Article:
Sawdust, lasers, and ideas fly in the BCIL Fabrication Lab, led by Fabrication Innovator and Collaborator John Wan. Since opening in 2019, the Fabrication Lab has been a favorite spot for ideating solutions to real-world challenges through BCIL projects, courses, and independent studies. Early in the school year, several classes have already taken advantage of the opportunity to bring learning to life with the various tools in the lab.
In her AP Biology class, Science Teacher Laura Feucht’s students designed and laser-cut mazes for an experiment with pill bugs. Once complete, the students arranged their mazes with food and water sources so they could run tests to see which direction the bugs would crawl. In part two of this project, they will grow plants inside the mazes to discover how plants grow through a confined space.
During a study of lift, David Svec brought his Introduction to Aerospace and Drone Technology class into the lab to experiment with various wing-shape designs so that they could learn the best mathematical curvatures for flight. Students worked with different materials, then tested, modified, and retested to see how weight and texture might impact their designs. Using an industrial fan, they tested the lift produced by each wing (the wing would hover in mid-air if effective!), and then gradually moved the wing farther away from the fan until the wing no longer produced enough lift to hover. Students marked the floor with tape strips to determine the farthest distance achieved and then crowned the winning design.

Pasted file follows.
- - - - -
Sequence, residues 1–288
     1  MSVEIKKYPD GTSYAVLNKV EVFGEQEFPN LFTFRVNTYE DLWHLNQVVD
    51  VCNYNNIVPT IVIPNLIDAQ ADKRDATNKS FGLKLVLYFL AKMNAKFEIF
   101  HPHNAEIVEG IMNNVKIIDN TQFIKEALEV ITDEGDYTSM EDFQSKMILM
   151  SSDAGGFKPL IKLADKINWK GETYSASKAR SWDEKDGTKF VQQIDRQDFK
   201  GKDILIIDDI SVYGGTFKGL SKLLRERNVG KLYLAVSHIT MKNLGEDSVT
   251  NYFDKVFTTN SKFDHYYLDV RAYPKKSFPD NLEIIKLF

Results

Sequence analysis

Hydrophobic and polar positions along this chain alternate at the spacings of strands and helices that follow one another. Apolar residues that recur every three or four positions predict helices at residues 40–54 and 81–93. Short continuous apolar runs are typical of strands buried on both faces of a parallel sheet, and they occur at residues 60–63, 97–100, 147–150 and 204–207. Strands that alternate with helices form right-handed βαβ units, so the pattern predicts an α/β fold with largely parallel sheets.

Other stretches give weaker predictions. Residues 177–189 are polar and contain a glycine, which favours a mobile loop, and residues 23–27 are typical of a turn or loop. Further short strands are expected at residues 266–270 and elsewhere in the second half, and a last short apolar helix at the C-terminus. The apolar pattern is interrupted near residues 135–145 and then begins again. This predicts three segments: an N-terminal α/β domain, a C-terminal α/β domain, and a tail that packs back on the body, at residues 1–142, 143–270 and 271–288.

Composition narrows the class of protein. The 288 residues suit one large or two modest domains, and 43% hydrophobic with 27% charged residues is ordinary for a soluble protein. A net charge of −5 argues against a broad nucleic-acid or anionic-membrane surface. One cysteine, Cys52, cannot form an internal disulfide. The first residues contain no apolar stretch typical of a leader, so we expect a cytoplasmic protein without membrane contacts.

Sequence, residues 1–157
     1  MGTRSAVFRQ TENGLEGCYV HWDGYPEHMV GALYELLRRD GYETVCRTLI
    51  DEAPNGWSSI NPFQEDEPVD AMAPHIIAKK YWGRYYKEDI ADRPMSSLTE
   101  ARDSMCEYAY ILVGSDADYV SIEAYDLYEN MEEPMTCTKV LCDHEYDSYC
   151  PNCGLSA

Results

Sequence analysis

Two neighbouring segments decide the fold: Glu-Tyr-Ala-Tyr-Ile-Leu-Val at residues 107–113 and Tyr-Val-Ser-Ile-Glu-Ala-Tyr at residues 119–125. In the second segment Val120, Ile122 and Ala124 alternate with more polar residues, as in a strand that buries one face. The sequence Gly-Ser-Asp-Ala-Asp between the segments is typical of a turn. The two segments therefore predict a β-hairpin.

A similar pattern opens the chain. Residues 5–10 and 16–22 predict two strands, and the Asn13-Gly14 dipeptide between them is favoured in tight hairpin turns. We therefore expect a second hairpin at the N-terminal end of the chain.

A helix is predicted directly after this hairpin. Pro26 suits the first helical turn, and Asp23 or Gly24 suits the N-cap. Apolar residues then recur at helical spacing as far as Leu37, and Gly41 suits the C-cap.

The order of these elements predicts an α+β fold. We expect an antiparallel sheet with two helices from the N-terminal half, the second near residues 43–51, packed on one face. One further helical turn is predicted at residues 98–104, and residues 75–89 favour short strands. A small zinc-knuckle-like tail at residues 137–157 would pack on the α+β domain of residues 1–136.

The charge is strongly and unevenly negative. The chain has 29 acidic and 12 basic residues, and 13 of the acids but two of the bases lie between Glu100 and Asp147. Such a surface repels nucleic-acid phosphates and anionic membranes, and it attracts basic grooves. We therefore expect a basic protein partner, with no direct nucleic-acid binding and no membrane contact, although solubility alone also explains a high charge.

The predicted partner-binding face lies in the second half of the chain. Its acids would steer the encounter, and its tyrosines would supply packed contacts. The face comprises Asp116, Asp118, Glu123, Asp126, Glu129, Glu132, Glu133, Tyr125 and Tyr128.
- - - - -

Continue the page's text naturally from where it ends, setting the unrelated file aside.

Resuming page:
Marc Schuhl wanted to provide his history students with a tangible understanding of the shaduf, an irrigation technology from ancient Egypt that allowed farmers to move water with the smallest lift of a finger. Students learned about the construction of this lever and counterweight in class and created their own shadufs out of PVC pipe, weights, and other found materials. Mr. Schuhl shared, "Our day in the BCIL Fab Lab helped me to teach my students that ancient people were just as clever as we are and that they found ingenious solutions to the real problems in their own lives. The lesson had the added benefit of being a great team builder as a new class of kids came together in September."
Up next, Mr. Wan is planning a project with students in a Middle School science exploratory to design customized modular planters and will experiment with alternative materials to design a sustainable, portable acoustic shell for the Upper School Choral groups. Teachers from all classes are welcome to bring their ideas to the lab and collaborate with Mr. Wan. Whether it’s for a short 20 minute project or several class periods, Mr. Wan collaborates on research, design, supplies prep, and the fabrication process to support hands-on learning. He is also an eager mentor for any student with an idea in their mind and hands ready to make it happen.